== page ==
We reviewed the evidence regarding the use of antibiotics to prevent infections or death in people undergoing an operation for penetrating abdominal injuries.
Penetrating abdominal trauma (gunshot or stab wounds to the abdomen) are a major cause of admission to hospital and often require an operation. If a person survives the initial injury, they may subsequently develop infections, which can lead to death. Before antibiotics were available, the majority of people with these injuries died from infections.
We searched for trials involving participants of any age or sex, who underwent an emergency operation to treat penetrating abdominal trauma. The evidence is current to 23 July 2019. We included 29 studies that included 4458 participants. There were problems with the design and conduct of all of these studies, which means that we were uncertain about the results. Most of these studies were carried out over 20 years ago, using antibiotics that are not often used today. Surgical techniques and practice have also evolved substantially during this time. Seven out of the 29 studies received funding from pharmaceutical companies, whilst the other studies did not state their funding sources.
Because of the very low-quality of the evidence, we are uncertain whether giving longer courses of antibiotics after penetrating injury reduces the rate of infections after an operation. We are also uncertain if one antibiotic treatment is better than any other that was tested in the trials.
Quality of the evidence
The quality of evidence for all outcomes was very low, mainly due to problems with the way the studies were run. These problems were not using placebos (medications that look identical to the study drug but do not contain the active ingredient), a lack of blinding of both participants or the investigators or inadequate methods of randomly allocating treatments to the participants. There were also key differences in the methods used between the studies. New, better quality studies are required in order to answer questions about the use of antibiotics to reduce infections following penetrating abdominal injury.
Very low-quality evidence means that we are uncertain about the effect of either the duration of antibiotic prophylaxis, or the superiority of one drug regimen over another for penetrating abdominal trauma on abdominal surgical site infection rates, mortality, or intra-abdominal infections.
Future RCTs should be adequately powered, test currently used antibiotics, known to be effective against gut flora, use methodology to minimise the risk of bias, and adequately report the level of peritoneal contamination encountered at laparotomy.
Penetrating abdominal trauma (PAT) is a common type of trauma leading to admission to hospital, which often progresses to septic complications. Antibiotics are commonly administered as prophylaxis prior to laparotomy for PAT. However, an earlier Cochrane Review intending to compare antibiotics with placebo identified no relevant randomised controlled trials (RCTs). Despite this, many RCTs have been carried out that compare different agents and durations of antibiotic therapy. To date, no systematic review of these trials has been performed.
To assess the effects of antibiotics in penetrating abdominal trauma, with respect to the type of agent administered and the duration of therapy.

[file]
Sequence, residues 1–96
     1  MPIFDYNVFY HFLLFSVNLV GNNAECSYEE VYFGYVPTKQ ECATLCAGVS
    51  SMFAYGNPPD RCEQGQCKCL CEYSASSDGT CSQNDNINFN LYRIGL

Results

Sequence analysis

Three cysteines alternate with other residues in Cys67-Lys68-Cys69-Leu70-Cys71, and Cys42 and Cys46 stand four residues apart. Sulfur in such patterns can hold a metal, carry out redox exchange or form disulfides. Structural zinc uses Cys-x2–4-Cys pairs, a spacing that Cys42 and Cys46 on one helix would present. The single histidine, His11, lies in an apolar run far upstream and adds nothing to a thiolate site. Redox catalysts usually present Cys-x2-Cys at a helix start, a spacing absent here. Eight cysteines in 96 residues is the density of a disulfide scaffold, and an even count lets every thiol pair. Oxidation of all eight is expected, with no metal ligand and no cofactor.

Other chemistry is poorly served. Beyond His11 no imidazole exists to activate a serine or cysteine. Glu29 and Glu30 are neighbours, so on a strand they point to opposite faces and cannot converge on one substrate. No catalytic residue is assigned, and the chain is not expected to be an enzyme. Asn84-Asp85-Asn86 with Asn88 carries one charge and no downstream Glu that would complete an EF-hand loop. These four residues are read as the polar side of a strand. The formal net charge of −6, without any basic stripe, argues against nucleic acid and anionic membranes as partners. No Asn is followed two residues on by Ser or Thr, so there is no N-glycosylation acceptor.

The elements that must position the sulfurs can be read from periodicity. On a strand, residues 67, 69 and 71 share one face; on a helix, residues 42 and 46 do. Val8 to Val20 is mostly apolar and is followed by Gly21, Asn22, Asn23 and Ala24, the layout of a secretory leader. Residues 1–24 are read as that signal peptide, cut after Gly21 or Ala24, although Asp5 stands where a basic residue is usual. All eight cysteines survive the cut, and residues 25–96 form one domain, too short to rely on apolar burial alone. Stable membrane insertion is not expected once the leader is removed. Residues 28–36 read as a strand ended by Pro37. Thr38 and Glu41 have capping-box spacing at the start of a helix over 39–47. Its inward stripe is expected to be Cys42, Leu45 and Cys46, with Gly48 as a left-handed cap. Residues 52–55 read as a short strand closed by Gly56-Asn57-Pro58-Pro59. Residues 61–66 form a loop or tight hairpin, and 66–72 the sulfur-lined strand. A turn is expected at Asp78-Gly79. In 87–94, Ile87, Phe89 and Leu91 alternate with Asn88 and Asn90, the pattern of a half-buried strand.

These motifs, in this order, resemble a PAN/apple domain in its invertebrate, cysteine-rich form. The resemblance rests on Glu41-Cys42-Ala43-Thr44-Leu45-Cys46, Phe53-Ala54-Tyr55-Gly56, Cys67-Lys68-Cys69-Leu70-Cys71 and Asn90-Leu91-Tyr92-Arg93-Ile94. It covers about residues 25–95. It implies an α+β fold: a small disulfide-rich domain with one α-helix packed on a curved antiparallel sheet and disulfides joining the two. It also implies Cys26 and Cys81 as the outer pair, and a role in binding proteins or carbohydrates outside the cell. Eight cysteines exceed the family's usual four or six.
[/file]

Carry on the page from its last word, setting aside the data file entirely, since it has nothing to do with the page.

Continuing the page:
We searched the following electronic databases for relevant randomised controlled trials, from database inception to 23 July 2019; Cochrane Injuries Group's Specialised Register, CENTRAL, MEDLINE Ovid, MEDLINE Ovid In-Process & Other Non-Indexed Citations, MEDLINE Ovid Daily and Ovid OLDMEDLINE, Embase Classic + Embase Ovid, ISI Web of Science (SCI-EXPANDED, SSCI, CPCI-S & CPSI-SSH), and two clinical trials registers. We also searched reference lists from included studies. We applied no restrictions on language or date of publication.
We included RCTs only. We included studies involving participants of all ages, which were conducted in secondary care hospitals only. We included studies of participants who had an isolated penetrating abdominal wound that breached the peritoneum, who were not already taking antibiotics.
Two study authors independently extracted data and assessed risk of bias. We used standard Cochrane methods. We aggregated study results using a random-effects model. We also conducted trial sequential analysis (TSA) to help reduce type I and II errors in our analyses.
We included 29 RCTs, involving a total of 4458 participants. We deemed 23 trials to be at high risk of bias in at least one domain.
We are uncertain of the effect of a long course of antibiotic prophylaxis (> 24 hours) compared to a short course (≤ 24 hours) on abdominal surgical site infection (RR 1.00, 95% CI 0.81 to 1.23; I² = 0%; 7 studies, 1261 participants; very low-quality evidence), mortality (Peto OR 1.67, 95% CI 0.73 to 3.82; I² = 8%; 7 studies, 1261 participants; very low-quality evidence), or intra-abdominal infection (RR 1.23, 95% CI 0.84 to 1.80; I² = 0%; 6 studies, 111 participants; very-low quality evidence).
Based on very low-quality evidence from fifteen studies, involving 2020 participants, which compared different drug regimens with activity against three classes of gastrointestinal flora (gram positive, gram negative, anaerobic), we are uncertain whether there is a benefit of one regimen over another.
TSA showed the majority of comparisons did not cross the alpha adjusted boundary for benefit or harm, or reached the required information size, indicating that further studies are required for these analyses. However, in the three analyses which crossed the boundary for futility, further studies are unlikely to show benefit or harm.